Two years ago when I said Apple had missed a niche market by introducing the MacBook, I had in mind a sub-notebook for the professional, mobile user – someone like me, who prefers to work outside the office. On the surface the MacBook Air looks like it fits that niche.

The product tagline is “Thinnovation”, and how fitting it is. Still, with no intention of demeaning the genius engineers who worked on it, I will say this: It appears more innovation was put into making the MacBook Air thin than anything else. In fact, except for the thinness, the dimensions of the MacBook Air hardly reflect “sub-notebook” standards. (The thick bezel around the 13.3-inch display doesn’t help the illusion, either.)

But then again, maybe the MacBook Air isn’t meant to be a sub-notebook. Actually, I didn’t hear or see one reference of “sub-notebook” during the keynote – everything was “thin notebook”.

So did Apple miss the niche again? Maybe.

When Steve Jobs introduced the MacBook Air, he heralded Apple’s refusal to compromise in several areas: thinness, display size, keyboard size, and processor speed. While they succeeded in delivering on all of those areas, the processor speed is most certainly a compromise. The MacBook Air peaks at a 1.8GHz Core 2 Duo, nearly half a configurable MacBook Pro. Think about that. Half the speed.

Another head-tilting decision Apple made with the MacBook Air is the hard drive capacity. Why not offer a 160GB model? After all, what is a MacBook Air owner to do with all the TV shows they download from the iTunes Store after they view them? They can’t burn them to a CD or DVD! I, for example, can’t even fit my iPhoto library on my 80GB internal PowerBook hard drive. I keep it on an external firewire drive. How would I manage a library this size on a MacBook Air?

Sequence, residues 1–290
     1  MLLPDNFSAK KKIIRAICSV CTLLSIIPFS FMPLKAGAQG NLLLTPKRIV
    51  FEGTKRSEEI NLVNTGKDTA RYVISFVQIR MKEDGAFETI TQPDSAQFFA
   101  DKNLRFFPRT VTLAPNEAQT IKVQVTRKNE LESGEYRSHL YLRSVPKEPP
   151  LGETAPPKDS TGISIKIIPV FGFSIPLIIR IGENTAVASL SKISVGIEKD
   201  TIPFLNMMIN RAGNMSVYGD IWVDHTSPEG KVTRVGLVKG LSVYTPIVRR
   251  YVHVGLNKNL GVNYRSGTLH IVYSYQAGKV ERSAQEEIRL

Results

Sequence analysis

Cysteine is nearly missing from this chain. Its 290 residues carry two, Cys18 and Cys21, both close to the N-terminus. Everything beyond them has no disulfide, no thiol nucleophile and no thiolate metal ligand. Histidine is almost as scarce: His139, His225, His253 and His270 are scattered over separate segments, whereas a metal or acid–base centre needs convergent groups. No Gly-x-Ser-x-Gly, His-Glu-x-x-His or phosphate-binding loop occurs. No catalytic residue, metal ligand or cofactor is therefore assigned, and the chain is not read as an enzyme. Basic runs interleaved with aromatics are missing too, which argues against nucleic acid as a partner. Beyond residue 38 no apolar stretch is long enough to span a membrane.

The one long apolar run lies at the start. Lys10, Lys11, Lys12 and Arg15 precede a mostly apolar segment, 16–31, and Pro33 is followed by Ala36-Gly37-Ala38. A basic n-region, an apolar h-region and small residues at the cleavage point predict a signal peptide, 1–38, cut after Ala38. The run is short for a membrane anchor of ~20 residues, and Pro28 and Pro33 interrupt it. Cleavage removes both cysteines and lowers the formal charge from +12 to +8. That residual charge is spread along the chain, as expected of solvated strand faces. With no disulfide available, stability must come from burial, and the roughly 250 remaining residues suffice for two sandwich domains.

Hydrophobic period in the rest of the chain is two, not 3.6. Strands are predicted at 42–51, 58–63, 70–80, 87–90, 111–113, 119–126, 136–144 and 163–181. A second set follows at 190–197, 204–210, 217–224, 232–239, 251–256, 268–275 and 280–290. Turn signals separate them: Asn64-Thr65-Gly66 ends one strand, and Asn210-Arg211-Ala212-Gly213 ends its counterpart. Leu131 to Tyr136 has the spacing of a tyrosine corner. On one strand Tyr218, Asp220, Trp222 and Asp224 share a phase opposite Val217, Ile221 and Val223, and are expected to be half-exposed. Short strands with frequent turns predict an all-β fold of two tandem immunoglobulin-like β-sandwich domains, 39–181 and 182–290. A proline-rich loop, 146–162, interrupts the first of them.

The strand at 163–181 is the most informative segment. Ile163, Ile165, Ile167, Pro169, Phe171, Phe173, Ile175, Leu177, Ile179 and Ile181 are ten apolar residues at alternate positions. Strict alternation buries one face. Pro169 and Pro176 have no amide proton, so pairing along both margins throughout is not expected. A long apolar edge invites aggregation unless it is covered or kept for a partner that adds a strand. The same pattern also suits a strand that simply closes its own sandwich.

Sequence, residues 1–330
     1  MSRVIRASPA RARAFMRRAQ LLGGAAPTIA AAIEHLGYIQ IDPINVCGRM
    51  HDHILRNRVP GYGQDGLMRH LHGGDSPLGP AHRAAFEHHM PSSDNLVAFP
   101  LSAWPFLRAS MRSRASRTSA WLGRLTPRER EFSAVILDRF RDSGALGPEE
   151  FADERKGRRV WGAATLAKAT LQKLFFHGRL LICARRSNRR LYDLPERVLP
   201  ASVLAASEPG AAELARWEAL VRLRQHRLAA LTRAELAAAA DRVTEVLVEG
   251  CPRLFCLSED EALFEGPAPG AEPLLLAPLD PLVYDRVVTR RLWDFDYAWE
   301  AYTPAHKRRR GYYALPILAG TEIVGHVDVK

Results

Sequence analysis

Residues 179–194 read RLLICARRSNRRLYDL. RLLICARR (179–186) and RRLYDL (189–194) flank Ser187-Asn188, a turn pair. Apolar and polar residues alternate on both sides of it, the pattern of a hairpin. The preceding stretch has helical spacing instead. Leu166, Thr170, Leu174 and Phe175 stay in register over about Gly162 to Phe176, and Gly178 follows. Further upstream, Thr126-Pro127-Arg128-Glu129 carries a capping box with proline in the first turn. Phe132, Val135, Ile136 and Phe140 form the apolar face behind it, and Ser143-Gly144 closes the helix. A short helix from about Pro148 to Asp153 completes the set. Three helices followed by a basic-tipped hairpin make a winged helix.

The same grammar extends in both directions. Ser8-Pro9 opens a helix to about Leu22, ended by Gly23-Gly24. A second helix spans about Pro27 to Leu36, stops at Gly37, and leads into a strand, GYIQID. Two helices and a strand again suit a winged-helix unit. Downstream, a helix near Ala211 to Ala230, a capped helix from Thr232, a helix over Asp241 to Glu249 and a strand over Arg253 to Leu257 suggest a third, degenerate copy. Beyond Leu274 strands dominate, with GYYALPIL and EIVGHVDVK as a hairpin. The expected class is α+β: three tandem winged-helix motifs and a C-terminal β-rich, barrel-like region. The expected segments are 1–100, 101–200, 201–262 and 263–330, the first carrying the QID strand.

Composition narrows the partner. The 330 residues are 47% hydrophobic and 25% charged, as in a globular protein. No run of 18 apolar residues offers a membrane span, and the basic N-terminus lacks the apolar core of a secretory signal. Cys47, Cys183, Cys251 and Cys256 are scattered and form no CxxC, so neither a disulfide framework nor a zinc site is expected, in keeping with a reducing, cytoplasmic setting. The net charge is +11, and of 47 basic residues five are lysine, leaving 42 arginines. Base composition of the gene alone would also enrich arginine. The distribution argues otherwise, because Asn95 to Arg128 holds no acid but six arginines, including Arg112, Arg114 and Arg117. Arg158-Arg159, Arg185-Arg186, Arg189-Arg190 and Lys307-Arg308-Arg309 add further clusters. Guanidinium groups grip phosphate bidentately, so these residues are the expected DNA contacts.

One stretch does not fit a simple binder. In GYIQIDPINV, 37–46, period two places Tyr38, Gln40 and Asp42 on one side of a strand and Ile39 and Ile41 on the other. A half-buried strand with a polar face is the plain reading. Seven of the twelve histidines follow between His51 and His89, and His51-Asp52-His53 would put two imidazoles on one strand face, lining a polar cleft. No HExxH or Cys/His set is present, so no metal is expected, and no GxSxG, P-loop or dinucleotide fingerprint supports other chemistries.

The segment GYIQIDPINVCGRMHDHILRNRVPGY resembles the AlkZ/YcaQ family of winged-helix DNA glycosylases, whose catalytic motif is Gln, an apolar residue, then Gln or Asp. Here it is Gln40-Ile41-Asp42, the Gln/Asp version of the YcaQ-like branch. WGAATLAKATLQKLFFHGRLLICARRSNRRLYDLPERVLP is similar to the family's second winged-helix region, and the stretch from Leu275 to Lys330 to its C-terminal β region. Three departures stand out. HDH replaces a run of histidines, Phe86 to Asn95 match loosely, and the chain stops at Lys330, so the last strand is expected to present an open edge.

More criticism for the MacBook Air abounds; most of which is just typical industry feedback and nearsightedness. Some, though, has validity: the MacBook Air’s memory capacity, lack of swappable battery, lack of ethernet port, and lack of FireWire ports. What was that you were saying about not compromising, Steve?

The fact is, Apple did compromise on the MacBook Air. It would be impossible not to. Laptops and consumer electronics are all about compromise. The trick is finding the right tension in the manufacturing side versus the consumer side of compromise. Remember, consumers have to make compromises, too.

The 12-inch PowerBook G4 seemed to break the rules, though. It shared all the major features of its big brothers, the 15- and 17-inch models; but it still had smaller dimensions. The compromises were minimal: no back-lit keyboard, less USB ports, no native DVI port. I guess I sort of expected a resurrected 12-inch PowerBook G4. Instead, the MacBook Air feels like a dumbed- albeit slimmed-down version of the MacBook … last year’s MacBook.

So I’m torn when it comes to the MacBook Air. It’s like buying shoes that will be too tight: if you can pull it off, not harm yourself while wearing them, and still get your job done, then do it. Just be sure you bring along a shoe-horn (aka USB hub).